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RM attended and sponsored the flagship annual conference and awards organised by the Federation of Awarding Bodies (FAB) which took place from 11-12th November. The team who attended have reflected on their main take-aways from the two days.
An increasing number of educational and awarding organisations are using digital assessment tools for formative and summative assessment and the potential for digital assessment to sit alongside your needs is ever-expanding. But what’s important is getting a solution that truly works for you.
A level, GCSE, Scottish Nationals and Highers and many equivalent qualification exams were cancelled across the UK for the second year running in 2021 due to the ongoing impact of the pandemic. But this hasn't meant that students and teachers have had an easy ride - quite the opposite in fact.
Remote proctoring or remote invigilation has grown vastly in profile over the Covid-19 pandemic, as education providers, mostly in higher education and professional qualifications, scrambled to keep the examination wheels turning. It is an obvious, and perhaps inevitable, extension of the growing trend towards online and blended learning, and experts believe it is here to stay. The market is forecast to grow 18.1% over the next few years, to reach a global market size of $661.4m by 2025 compared to $340.2m in 2019, according to Market Study Report.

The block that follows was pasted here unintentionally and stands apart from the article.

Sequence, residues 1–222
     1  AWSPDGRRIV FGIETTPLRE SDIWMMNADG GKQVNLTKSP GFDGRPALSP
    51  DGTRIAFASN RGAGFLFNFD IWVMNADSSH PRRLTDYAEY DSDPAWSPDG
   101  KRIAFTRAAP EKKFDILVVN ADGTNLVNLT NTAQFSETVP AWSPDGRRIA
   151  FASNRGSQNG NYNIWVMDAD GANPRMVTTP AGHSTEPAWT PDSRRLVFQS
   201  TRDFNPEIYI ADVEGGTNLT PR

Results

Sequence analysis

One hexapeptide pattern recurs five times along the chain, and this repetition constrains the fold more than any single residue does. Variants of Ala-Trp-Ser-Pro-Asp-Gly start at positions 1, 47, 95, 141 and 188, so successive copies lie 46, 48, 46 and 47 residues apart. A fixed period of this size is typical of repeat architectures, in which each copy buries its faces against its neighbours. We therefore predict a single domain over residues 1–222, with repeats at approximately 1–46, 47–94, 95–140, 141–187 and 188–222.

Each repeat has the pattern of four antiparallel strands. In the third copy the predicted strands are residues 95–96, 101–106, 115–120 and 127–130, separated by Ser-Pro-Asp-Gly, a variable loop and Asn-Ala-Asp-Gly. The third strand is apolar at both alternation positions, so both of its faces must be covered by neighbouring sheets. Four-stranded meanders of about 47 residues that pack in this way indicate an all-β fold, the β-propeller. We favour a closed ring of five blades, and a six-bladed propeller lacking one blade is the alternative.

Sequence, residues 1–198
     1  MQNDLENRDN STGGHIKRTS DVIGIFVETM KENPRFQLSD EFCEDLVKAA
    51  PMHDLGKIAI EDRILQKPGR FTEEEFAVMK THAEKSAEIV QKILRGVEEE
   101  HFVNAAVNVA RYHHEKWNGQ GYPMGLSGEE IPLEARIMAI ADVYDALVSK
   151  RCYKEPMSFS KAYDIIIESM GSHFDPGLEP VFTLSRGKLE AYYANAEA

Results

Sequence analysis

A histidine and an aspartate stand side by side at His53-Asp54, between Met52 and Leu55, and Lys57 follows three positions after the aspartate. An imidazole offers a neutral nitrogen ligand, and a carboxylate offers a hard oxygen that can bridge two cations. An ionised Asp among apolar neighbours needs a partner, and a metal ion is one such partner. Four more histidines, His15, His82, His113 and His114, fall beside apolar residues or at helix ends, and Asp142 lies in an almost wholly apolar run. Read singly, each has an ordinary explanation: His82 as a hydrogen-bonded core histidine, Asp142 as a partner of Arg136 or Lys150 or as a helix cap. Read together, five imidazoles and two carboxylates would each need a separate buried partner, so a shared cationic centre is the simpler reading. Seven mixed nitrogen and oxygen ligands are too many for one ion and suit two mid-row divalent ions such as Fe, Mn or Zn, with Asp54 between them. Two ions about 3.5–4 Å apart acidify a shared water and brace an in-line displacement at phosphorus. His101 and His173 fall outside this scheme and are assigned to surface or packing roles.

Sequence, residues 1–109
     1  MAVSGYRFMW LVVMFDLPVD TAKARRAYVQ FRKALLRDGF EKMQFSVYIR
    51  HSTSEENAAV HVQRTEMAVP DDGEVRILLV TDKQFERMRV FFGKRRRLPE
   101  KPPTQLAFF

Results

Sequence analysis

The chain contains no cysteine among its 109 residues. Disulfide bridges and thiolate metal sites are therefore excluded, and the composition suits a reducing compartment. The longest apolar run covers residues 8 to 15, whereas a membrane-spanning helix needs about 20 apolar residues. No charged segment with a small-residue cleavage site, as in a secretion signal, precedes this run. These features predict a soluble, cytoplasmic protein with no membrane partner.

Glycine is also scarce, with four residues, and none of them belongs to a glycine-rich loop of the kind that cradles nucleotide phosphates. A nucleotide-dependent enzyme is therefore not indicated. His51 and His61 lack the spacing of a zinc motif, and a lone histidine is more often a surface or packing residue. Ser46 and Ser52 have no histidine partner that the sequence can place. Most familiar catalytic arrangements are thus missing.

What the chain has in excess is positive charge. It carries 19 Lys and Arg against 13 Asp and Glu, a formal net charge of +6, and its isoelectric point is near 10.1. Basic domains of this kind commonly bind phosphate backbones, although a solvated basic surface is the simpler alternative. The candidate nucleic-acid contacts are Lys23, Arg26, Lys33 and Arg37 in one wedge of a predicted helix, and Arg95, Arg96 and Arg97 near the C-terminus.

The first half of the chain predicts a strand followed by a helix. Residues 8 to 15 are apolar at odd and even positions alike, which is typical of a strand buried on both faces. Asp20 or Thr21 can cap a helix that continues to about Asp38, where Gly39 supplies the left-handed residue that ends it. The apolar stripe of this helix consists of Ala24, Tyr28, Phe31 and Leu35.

Now, more than ever, countries around the world are realising the transformative power new technologies can have in the world of education. Some educational bodies had already taken steps to make the most of such technologies. The Gauteng Department of Education (GDE) in South Africa has made important progress towards harnessing the vast potential of new technologies to drive enhancements to the country's education system by implementing e-marking.
Whether you are looking to move away from paper-based exams, enter a new international market or ensure continuity through disruptive events, there are many benefits of digital assessment.
The economic transformation of Vietnam since the Doi Moi reforms has been very successful, making it one of the fastest growing economies in the world. From the outset, education has been a central component of reform. As such the government has devoted between 15-20% of its entire spending budget to education since the late 1990s, remaining at 20% over the past 5 years.
It is no secret that education systems around the world are adapting and innovating their approaches to teaching and learning in a bid to keep up with the development of technology. These changes have led some awarding organisations, such as the New Zealand Qualifications Authority (NZQA), to take action to modernise their exams in a way that reflects the digital world that students live, learn and will eventually work in.